Monday, August 18, 2014

Disney Magical World is Full of Surprises

I've been playing Disney Magical World recently. It's well-dressed busywork without a lot of depth but there's a good variety of activities (including some surprisingly nontrivial combat) and plenty of customization options (I want some of those shirts in real life). It's also consistently warm and loaded with treats for the longtime Disney fan - for example, one of the quests is to find a pumpkin so that the Fairy Godmother can make you a coach to ride to Cinderella's ball. If you're nostalgic about Disney, it's a good way to relax after a long day. But there are two particular things about it that have caught my attention.

The first is non-gendered outfits. The game has a ton of clothes you can buy or make, and some of it is traditionally male or female. The game doesn't care, though. It doesn't distinguish at all. Anyone can wear anything, and nobody bats an eye - the only comments that you'll get are compliments on your fashion sense if your outfit is coordinated. My character still runs around in pants rather than a dress, but I appreciate that it's a choice.

It's especially refreshing after the recent controversy over Tomodachi Life omitting gay relationships. It's a silly "life simulator" that encourages you to create characters based on yourself and your real-life friends, who can then fall in love and get married - but only in heterosexual arrangements.

"It's more of an issue for this game because the characters are supposed to be a representation of your real life. You import your personalized characters into the game. You name them. You give them a personality. You give them a voice. They just can't fall in love if they're gay."
—Tye Marini as quoted in Nintendo says no to virtual equality in life game

As noted in that article, Nintendo's initial response to the controversy was to state that Tomodachi Life was intended to be "playful", "whimsical", and "quirky", and that it was "never intended to make any form of social commentary". Which is a weird thing to say about a development decision that must have been deliberate. They had to put in "if" statements and check character genders to prevent homosexual match-ups. I do find it very plausible that they didn't intend to make social commentary, but it's what they ended up doing. (Nintendo later followed up with a much better statement.)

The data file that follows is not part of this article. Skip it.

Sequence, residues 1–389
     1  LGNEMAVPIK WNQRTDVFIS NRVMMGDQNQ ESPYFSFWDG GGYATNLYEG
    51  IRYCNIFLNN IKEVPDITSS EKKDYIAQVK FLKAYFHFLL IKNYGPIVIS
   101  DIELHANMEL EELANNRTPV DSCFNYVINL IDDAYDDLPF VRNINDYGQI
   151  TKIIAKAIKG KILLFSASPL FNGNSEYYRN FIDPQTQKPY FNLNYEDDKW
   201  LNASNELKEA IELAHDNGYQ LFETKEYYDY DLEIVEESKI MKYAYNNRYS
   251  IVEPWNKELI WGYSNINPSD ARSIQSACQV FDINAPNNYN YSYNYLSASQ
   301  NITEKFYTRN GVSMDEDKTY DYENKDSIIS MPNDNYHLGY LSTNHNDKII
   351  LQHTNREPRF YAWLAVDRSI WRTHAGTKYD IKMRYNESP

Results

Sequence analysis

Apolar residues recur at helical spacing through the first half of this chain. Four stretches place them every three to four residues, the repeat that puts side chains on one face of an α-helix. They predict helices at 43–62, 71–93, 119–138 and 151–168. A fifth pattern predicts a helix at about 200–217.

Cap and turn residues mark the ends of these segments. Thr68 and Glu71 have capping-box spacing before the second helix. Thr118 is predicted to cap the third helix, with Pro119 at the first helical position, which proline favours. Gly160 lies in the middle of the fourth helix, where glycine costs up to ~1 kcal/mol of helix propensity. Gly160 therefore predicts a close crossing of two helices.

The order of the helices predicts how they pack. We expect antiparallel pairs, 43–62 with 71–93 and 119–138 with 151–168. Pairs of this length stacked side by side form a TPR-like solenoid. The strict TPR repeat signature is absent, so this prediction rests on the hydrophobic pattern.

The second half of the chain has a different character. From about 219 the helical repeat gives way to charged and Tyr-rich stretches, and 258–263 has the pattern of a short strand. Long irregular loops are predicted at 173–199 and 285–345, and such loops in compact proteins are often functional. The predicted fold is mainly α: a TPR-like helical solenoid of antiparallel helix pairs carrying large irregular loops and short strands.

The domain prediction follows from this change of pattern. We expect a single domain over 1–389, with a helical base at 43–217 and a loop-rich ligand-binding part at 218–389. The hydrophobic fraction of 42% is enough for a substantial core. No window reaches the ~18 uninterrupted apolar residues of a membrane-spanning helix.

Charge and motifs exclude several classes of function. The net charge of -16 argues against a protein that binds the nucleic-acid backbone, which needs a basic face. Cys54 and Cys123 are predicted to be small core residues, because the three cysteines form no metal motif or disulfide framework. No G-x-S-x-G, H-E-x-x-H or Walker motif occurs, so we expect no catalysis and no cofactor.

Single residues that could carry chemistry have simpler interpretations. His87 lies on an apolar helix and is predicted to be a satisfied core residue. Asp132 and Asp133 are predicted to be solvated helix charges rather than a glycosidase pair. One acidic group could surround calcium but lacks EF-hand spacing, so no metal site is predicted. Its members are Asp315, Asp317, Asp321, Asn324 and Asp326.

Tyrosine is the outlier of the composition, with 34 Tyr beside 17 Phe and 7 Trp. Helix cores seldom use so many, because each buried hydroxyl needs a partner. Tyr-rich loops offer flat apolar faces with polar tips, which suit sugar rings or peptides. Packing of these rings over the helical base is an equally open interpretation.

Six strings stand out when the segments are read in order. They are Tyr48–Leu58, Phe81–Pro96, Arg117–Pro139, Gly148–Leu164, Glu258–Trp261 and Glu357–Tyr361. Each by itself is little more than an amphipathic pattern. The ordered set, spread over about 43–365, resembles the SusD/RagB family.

By simply omitting such flags and checks from its clothing options, Disney Magical World is quietly inclusive (of a different group - there are no homosexual relationships in Disney Magical World because there are no relationships at all outside of the canon Disney couples). It was easier to code that way, too.

The second thing that caught my attention is how freemium-like some of the mechanics are - but without the evil. Several of the activities are time-gated - some resources can only be gathered a couple of times per day, it takes a while for your cafe to serve the meals you have prepared, some plants must be watered a few times over the course of an hour or two before they can be harvested. But you never run out of things to do - there are resources and plants that move much faster, and plenty of other activities that are just always available. And just as importantly - you never lose anything. The resources will wait patiently until you show up to gather them. Your cafe won't suddenly become unpopular because it's out of food; it just won't serve any customers until you cook more. The plants won't wither or die if they go unwatered; they just won't grow until you do water them. If the game killed your crops and removed your customer base just because you'd had a busy day in real life, you'd be forced to evaluate whether you wanted to start over or whether you wanted to do something else with your time. But since Disney Magical World never punishes you for having other things to do, it's always pleasant to come back to it.


  1. "It's also consistently warm and loaded with fanservice."

    Fanservice doesn't mean pandering to the fans in just any old way, you know.

    1. It also doesn't only mean sexually titillating content, which is what I think you're getting at. Wiktionary defines it as "The inclusion in a work of fiction of any material, especially racy or sexual material, which has no relevance to the storyline, but is designed merely to excite the viewer." TVTropes likewise notes that the term "is sometimes used in a more general way, referring simply to any crowd-pleaser thrown in just because."

      Still, I've modified the sentence to remove the ambiguity.